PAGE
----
Villa Torlonia

So here are a few more pictures from Rome this fall- these photos are from the Villa Torlonia park. There are a bunch of these parks in Rome centered around an old mansion or villa.







Munich Churches



IMG_0834While in Munich I visited several fabulously ornate churches. I love the decoration in these places, especially the ones that added a Holiday themed element like a Christmas tree or a Creche scene.





IMG_0814 First off, two days in Paris is definitely NOT enough. But I did make it to many of the major sites- the Eiffel Tower, the Louvre, Notre Dame Cathedral, Pont Neuf, and the Arc de Triomphe. Despite the rainy weather, the city is still beautiful. There’s an awesome Christmas Market on theĀ  Champs Elysees- the end near the Seine, not by the Arc de Triomphe- which was fun to wander around, even though I got my feet all wet because it was sunny when I left my room and decidedly not sunny when I came back. Tomorrow I head to Munich for Christmas, so I can compare the French version of a Christkindlmarkt with the original German version!

Some Pics from Trastevere

These are just some pictures from around Trastevere that I’ve taken throughout my weeks here:)




(Okay, this one is of St. Peter’s Square. But it’s on the same side of the Tiber, so it’s close to Trastevere!)



Sorry for the scanty postings of late…I’m dealing with a tough personal situation right now but hopefully things will be better soon!

Roman Fall Foliage


Even though it’s already December, there are still fall leaves aplenty throughout Rome. The grey clouds made getting pictures a bit hard- the colors are kind of muted- but the yellows and oranges and occasional reds are actually very bright, and the piles of downed leaves drifting on sidewalks are feet deep in places! For someone who grew up in CA, where fall foliage is pretty much limited to Sycamore trees, this plethora of color is extra exciting!



IMG_0775The colors in this one really didn’t show up very well, but I couldn’t resist the great view of the dome of St. Peter’s behind the yellow tree. It looked much brighter in person.



The Uffizi and Firenze in the Rain

First up- the Uffizi. I was supposed to go yesterday, but there was a strike about something…I don’t know what, so the museum was closed. I did see the workers marching with big red flags with the Russian socialism symbol on them, but whether they were striking for or against, I don’t know. But the nice lady at the ticket booth changed my ticket for today so I went today instead. So much for all the scary warnings I read online about how you must arrive exactly at your scheduled reserved ticket time or you won’t get in. The ticket woman said I could go “whenever I wanted.” So I spent a few hours wandering around, looking at the art…man, there is a LOT of art there. I like the Renaissance paintings and the antiquities sculptures best. Probably not surprising, given my taste in art. Then, after I got lunch, it started to rain. Now, I’m not one of those people who’s all “Oh, I don’t mind the rain. It’s just water.” I’m one of those people who tries to convince myself that I shouldn’t mind the rain because I don’t melt and it is just water. Notice I say “tries.” Because it doesn’t work. I really don’t like the rain. It’s cold and wet and gets your feet all wet and then (if you’re like me, at least) your fingers and toes go numb for hours. Well, maybe that’s just me and my version of Raynaud’s syndrome. It’s a completely benign but still irritating thing where cold triggers my capillaries to shut down and so my fingers and toes go numb and don’t un-numb for hours. But there is an upside to Florence in the rain: all the tourists scurry inside at the first drops, so those people with umbrellas (or those who genuinely don’t mind the rain!) get a few lovely minutes alone in the famous piazzas and outside the cathedrals. That’s a nice side benefit! But now that I’m back in my apartment and dry and un-numbed, I don’t plan on going out in the rain anymore today!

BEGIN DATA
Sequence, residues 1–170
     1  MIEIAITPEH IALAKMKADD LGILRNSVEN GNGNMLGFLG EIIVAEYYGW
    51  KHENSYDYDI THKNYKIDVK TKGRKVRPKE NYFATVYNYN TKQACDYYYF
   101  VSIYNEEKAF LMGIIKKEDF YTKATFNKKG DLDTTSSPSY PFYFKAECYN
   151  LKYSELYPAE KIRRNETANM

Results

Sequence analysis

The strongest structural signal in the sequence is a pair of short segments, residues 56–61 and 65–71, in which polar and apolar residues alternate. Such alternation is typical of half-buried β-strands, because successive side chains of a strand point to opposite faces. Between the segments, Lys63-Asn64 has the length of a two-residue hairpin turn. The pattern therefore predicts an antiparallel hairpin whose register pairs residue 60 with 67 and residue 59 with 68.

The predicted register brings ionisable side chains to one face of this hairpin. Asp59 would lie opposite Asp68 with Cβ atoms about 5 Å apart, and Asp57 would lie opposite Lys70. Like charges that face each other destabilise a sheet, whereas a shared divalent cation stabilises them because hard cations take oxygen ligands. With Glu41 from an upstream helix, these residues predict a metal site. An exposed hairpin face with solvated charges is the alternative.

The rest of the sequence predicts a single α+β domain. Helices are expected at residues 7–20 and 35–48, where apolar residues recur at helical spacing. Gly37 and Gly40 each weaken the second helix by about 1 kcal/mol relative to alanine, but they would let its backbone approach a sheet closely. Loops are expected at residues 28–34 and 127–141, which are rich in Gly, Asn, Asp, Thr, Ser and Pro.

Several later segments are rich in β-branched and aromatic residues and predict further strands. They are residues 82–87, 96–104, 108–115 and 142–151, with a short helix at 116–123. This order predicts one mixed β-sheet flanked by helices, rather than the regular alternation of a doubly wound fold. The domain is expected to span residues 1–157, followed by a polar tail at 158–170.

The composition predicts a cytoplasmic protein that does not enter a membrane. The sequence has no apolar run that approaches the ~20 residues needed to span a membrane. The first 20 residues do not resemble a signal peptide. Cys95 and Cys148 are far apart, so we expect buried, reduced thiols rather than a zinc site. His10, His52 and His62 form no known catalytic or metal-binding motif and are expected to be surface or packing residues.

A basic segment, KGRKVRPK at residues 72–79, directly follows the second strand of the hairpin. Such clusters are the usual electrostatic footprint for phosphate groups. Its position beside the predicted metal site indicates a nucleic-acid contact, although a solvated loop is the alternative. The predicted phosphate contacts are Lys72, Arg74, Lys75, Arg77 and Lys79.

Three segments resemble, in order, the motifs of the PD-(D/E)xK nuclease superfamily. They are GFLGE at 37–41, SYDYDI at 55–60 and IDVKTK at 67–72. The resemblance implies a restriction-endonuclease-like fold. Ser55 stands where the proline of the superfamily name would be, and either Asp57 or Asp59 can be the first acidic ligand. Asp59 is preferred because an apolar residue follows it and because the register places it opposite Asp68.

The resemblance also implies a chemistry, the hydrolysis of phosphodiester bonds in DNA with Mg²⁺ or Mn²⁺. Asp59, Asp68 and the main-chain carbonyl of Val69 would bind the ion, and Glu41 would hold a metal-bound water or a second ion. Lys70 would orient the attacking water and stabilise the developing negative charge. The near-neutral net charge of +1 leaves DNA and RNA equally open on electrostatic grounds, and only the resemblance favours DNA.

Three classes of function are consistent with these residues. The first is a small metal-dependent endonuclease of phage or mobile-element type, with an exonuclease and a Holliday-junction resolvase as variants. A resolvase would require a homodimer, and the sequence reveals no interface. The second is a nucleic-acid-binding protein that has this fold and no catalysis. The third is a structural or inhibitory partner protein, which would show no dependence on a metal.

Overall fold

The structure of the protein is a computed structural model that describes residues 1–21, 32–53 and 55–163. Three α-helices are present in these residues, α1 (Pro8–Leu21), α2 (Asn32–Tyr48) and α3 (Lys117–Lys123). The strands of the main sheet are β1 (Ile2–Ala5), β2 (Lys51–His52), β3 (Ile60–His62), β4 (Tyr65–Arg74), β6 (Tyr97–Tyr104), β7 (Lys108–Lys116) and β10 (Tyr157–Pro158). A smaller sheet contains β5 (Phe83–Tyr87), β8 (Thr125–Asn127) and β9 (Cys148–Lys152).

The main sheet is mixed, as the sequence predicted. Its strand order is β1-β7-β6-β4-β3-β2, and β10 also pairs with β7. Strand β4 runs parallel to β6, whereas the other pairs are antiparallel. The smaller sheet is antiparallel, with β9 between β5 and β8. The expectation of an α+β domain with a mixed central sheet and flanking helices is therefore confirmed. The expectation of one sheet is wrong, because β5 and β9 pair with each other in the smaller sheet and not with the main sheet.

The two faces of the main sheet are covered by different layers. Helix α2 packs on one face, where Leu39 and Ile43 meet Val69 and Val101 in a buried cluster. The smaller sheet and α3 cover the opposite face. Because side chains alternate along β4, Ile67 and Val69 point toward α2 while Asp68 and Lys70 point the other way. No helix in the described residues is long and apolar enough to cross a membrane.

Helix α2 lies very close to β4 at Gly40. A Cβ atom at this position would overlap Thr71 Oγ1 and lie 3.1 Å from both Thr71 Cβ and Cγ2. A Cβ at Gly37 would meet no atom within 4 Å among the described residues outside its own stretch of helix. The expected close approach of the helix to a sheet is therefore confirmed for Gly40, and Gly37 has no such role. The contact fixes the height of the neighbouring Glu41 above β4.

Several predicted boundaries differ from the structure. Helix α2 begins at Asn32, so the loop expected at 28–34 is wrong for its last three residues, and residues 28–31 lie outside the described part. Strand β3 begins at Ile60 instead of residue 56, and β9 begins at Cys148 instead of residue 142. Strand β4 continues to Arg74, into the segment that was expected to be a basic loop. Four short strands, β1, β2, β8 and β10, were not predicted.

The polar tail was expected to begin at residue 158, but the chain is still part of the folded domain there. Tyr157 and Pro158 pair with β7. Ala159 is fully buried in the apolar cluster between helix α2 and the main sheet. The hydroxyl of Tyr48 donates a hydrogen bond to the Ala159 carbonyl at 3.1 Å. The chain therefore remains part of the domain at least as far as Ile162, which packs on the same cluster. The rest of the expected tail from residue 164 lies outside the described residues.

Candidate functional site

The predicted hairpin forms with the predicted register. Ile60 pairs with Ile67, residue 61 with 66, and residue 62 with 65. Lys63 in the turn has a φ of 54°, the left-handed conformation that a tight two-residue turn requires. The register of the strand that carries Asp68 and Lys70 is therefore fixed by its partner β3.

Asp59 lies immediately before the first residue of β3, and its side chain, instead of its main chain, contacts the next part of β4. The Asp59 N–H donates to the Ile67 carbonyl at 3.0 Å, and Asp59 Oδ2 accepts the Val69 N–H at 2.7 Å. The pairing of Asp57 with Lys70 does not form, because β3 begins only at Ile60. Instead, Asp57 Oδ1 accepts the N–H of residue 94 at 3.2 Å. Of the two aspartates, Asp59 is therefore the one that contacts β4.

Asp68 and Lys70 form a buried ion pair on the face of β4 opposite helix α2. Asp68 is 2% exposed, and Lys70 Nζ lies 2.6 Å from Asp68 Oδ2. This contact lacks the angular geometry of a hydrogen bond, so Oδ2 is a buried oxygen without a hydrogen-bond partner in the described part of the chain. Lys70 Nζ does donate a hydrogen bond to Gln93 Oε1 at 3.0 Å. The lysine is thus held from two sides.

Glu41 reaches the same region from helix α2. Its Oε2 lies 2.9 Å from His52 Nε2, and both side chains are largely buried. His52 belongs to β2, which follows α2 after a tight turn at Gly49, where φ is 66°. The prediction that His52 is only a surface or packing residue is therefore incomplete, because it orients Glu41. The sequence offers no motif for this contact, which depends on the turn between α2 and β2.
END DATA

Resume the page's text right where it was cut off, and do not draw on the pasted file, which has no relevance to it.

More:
Pisa is famous for it’s leaning tower (which, perhaps obviously, really does lean! I’m not an engineer, but it looks like some laws of physics are being defied by the fact that that building has not fallen over yet.) but it also has a gorgeous cathedral and the same network of winding streets filled with cafes, restaurants and other sundry businesses as every Italian town. The cathedral and the tower are clearly the high points of the tourist itinerary in the town, but a wander around the streets surrounding them, and in the streets between the train station and the Piazza dei Miracoli is a very worthwhile way to while away an afternoon.

Atuin the Great Sky Turtle*

Atuin the Great Sky Turtle*

That’s what this guy in the Piazza Santa Maria Novella reminds me of. He’s not holding four elephants and the world on his back, but he is holding a huge, heavy stone monolith! Plus I like turtles, so I had to share a picture of him:)

Firenze continues to surprise me- even though it seems somehow more unified than Rome in it’s architecture and art- it’s mainly Medieval and Renaissance, while Rome runs the gamut from B.C. to Baroque and even later- there are still plenty of odd and funny things just waiting to be spotted. And that’s what this guy seemed to me to be:)

I hope you all have a great weekend!

*for those of you who don’t read Terry Pratchett, Atuin the Great Sky Turtle is the tortoise who carries the world on his back, resting on four elephants who balance on his shell. He’s a pretty awesome tortoise!